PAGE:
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Submitted by lou at: August 16, 2013
Fair tax is least fair, hurts the young folks just getting started and needing to buy everything to start families, homes, etc. Seniors have what they need so don't pay at all. Flat tax is FAIREST to all.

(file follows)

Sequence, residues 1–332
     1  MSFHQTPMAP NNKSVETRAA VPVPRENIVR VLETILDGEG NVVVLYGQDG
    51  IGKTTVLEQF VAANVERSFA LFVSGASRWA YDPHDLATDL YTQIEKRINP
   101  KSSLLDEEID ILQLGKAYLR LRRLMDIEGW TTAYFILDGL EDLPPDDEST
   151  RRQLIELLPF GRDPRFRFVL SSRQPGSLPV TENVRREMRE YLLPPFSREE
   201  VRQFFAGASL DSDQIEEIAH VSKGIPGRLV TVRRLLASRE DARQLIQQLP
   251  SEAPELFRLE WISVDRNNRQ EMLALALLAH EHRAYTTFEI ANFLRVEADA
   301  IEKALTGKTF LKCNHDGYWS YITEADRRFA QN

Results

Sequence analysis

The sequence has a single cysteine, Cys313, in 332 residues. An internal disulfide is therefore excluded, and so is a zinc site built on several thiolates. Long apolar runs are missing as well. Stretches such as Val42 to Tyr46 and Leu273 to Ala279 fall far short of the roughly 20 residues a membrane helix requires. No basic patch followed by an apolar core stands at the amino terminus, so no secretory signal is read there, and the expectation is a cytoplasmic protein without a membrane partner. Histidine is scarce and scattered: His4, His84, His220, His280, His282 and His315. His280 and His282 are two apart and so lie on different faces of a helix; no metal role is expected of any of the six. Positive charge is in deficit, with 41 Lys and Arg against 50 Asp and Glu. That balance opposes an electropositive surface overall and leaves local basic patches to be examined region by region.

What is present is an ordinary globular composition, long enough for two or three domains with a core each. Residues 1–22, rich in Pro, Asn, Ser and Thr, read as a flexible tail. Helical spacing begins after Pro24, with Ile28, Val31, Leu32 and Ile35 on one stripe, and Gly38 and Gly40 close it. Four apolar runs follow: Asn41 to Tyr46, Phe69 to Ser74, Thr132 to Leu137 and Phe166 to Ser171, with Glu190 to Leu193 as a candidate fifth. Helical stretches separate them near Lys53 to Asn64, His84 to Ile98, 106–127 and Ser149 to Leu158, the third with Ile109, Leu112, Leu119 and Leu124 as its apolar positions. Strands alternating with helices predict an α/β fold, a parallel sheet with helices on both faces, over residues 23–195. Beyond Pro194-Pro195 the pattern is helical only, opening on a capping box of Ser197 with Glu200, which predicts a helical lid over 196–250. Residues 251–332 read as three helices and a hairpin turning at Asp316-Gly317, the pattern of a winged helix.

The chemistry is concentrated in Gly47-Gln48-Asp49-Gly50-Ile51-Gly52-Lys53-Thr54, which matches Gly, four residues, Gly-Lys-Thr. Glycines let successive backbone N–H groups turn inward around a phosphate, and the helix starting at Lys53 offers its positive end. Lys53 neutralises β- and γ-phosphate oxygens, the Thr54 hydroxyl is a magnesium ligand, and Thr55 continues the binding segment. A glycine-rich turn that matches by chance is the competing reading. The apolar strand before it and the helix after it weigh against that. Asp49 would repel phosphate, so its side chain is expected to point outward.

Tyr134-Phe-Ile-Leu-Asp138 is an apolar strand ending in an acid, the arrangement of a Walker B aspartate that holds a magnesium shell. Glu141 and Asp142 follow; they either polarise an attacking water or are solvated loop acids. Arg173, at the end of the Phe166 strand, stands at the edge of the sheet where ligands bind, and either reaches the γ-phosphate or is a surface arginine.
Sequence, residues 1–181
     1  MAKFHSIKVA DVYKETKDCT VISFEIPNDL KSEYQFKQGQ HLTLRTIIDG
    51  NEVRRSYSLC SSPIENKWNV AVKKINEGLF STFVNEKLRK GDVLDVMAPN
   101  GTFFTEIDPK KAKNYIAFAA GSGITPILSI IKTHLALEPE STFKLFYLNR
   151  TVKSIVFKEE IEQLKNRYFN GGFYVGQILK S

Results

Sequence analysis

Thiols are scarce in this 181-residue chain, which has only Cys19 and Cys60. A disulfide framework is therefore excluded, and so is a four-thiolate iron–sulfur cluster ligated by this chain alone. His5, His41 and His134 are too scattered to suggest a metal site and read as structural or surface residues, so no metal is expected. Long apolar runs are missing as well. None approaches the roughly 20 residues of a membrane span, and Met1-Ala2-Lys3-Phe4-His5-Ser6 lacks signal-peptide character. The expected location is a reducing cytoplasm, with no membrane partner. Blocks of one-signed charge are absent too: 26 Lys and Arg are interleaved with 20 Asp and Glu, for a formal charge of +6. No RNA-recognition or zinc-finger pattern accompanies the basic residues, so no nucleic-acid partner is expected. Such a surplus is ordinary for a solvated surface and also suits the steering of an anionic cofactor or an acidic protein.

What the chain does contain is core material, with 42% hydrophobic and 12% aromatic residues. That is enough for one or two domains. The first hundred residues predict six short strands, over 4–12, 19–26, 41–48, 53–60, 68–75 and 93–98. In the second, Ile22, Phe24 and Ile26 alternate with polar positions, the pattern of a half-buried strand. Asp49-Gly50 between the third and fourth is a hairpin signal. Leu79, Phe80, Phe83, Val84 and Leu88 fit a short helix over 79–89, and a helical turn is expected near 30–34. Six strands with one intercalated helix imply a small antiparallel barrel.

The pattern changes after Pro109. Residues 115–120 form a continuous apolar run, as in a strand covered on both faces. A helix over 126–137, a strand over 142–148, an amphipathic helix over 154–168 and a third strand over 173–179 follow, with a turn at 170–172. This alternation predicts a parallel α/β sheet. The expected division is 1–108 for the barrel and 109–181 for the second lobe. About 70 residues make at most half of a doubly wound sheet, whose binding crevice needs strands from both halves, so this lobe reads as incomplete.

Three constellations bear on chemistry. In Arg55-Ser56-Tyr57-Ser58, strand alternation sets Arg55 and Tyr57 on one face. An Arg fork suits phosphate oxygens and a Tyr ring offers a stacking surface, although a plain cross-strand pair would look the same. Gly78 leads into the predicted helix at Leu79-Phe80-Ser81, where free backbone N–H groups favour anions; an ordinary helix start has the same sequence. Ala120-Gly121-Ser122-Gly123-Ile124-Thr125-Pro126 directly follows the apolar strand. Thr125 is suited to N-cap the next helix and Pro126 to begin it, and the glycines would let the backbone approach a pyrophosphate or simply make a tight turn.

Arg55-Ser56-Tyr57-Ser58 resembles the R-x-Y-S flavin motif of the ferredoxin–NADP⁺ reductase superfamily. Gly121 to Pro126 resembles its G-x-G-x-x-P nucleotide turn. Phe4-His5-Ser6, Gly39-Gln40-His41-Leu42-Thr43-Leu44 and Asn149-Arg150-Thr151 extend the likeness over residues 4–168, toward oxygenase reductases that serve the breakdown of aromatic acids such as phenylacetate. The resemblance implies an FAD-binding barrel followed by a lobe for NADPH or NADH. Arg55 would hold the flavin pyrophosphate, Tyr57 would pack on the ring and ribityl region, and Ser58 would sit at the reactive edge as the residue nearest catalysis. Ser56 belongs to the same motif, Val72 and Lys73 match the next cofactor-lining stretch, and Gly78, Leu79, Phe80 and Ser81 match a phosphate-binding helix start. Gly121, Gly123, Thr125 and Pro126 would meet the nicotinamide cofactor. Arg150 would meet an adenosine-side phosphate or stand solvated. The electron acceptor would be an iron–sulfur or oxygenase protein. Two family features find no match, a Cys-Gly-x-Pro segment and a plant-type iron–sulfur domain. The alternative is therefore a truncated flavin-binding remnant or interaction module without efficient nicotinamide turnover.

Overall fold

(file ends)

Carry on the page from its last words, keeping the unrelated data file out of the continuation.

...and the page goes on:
Submitted by JimW at: August 12, 2013